LISC DC has been working with the Rhode Island Avenue NE Main Street (RIAMS) since 2014, helping the organization build its capacity to support businesses along its 1.5-mile corridor. The District’s Main Street Program, run out of the Department for Small and Local Business Development (DSLBD), is an effective initiative that promotes the revitalization of DC commercial corridors. For example, in Fiscal Year 2016, our partner RIAMS provided storefront improvement grants to 16 businesses on the corridor, provided small business technical assistance to 57 businesses, provided direct promotional opportunities for 132 businesses, and held multiple festivals that brought thousands of visitors from across the District and neighboring towns to businesses operating along Rhode Island Avenue NE.

With these results in mind, we support the following budget recommendations that are needed to strengthen the commercial corridors and small businesses in many of the neighborhoods in which LISC DC works:

  • Maintain Mayor Bowser’s proposed $2 million investment in DSLBD’s Main Street Program. As mentioned above, DSLBD’s Main Street Program produces measurable results that strengthen DC’s commercial corridors.
  • Maintain Mayor Bowser’s Proposed $3.9 million investment in the Department of Housing and Community Development (DHCD) Small Business Technical Assistance Program and include a larger percentage of local dollars (versus federal dollars) in the allocation. DHCD’s Small Business Technical Assistance Program provides tailored support to small businesses and is a critical part of the services provided by organizations serving low- and moderate-income areas. Shifting the source of funding toward local dollars and away from federal dollars will allow for grant recipients to offer a more robust suite of services to small businesses, as well as the flexibility to hire staff to assist with meeting DHCD grant goals.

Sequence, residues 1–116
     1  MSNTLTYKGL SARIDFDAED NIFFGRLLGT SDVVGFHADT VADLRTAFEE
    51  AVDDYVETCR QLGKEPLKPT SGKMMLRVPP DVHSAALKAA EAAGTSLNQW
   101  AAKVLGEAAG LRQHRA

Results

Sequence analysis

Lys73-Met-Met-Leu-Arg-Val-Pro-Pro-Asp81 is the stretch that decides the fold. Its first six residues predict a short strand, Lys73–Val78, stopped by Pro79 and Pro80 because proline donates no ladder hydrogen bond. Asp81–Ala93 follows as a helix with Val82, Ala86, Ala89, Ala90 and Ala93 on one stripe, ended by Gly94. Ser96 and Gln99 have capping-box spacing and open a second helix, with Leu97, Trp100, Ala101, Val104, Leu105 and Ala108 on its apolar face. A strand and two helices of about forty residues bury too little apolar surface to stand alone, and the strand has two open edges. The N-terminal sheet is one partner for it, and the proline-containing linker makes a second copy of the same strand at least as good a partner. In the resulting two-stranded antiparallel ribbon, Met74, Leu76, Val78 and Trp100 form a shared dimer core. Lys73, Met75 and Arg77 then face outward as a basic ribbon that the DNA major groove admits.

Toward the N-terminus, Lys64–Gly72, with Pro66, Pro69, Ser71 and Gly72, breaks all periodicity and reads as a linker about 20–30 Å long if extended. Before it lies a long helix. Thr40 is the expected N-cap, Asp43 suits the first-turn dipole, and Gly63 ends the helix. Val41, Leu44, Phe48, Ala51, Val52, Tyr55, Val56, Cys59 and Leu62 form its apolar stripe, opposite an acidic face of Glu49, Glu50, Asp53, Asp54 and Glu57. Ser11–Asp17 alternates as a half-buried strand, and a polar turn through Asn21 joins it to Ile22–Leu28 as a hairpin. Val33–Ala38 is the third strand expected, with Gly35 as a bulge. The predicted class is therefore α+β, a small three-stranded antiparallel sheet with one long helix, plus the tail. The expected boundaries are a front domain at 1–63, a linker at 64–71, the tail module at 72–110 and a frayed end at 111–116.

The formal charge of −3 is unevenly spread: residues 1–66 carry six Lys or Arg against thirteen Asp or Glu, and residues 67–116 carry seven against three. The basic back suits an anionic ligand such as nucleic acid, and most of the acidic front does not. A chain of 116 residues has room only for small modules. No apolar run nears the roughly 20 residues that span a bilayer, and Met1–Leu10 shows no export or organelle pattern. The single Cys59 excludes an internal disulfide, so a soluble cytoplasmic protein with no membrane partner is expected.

• Commit $9 million to DC’s Great Streets Initiative and increase the number of grant rounds per year. The Great Streets program provides capital improvement grants to qualified small businesses looking to make critical investments in their business. This program is a very valuable tool for small business owners, as other city grants do not allow for use for interior renovation or heavy equipment purchase. Increasing the number of grant rounds per year will allow small businesses to make more responsive decisions regarding their capital improvement needs.
  • Maintain Mayor Bowser’s Proposed $3.9 million investment in DSLBD’s Commercial Clean Teams. Commercial Clean Teams employ local residents to ensure specific corridors are maintained, providing litter clean-up along streets, sidewalks, and storefronts. Clean Teams are a significant component in creating welcoming commercial corridors in DC.


Inclusive Prosperity Means Investing in Access to Child Care for Lower- and Moderate-Income Families

At the heart of a resilient, inclusive, and prosperous city is the healthy development of all of its youngest residents, regardless of their family income. Research has long demonstrated how important a child’s first few years are, with 85% of core brain development occurring by age three.[3] These are the fundamental years where a child develops foundational cognitive, emotional, social, and linguistic skills. However, these are also the years where children are most vulnerable, which means that nurturing, securing, and stimulating early learning environments are critical to a child’s development.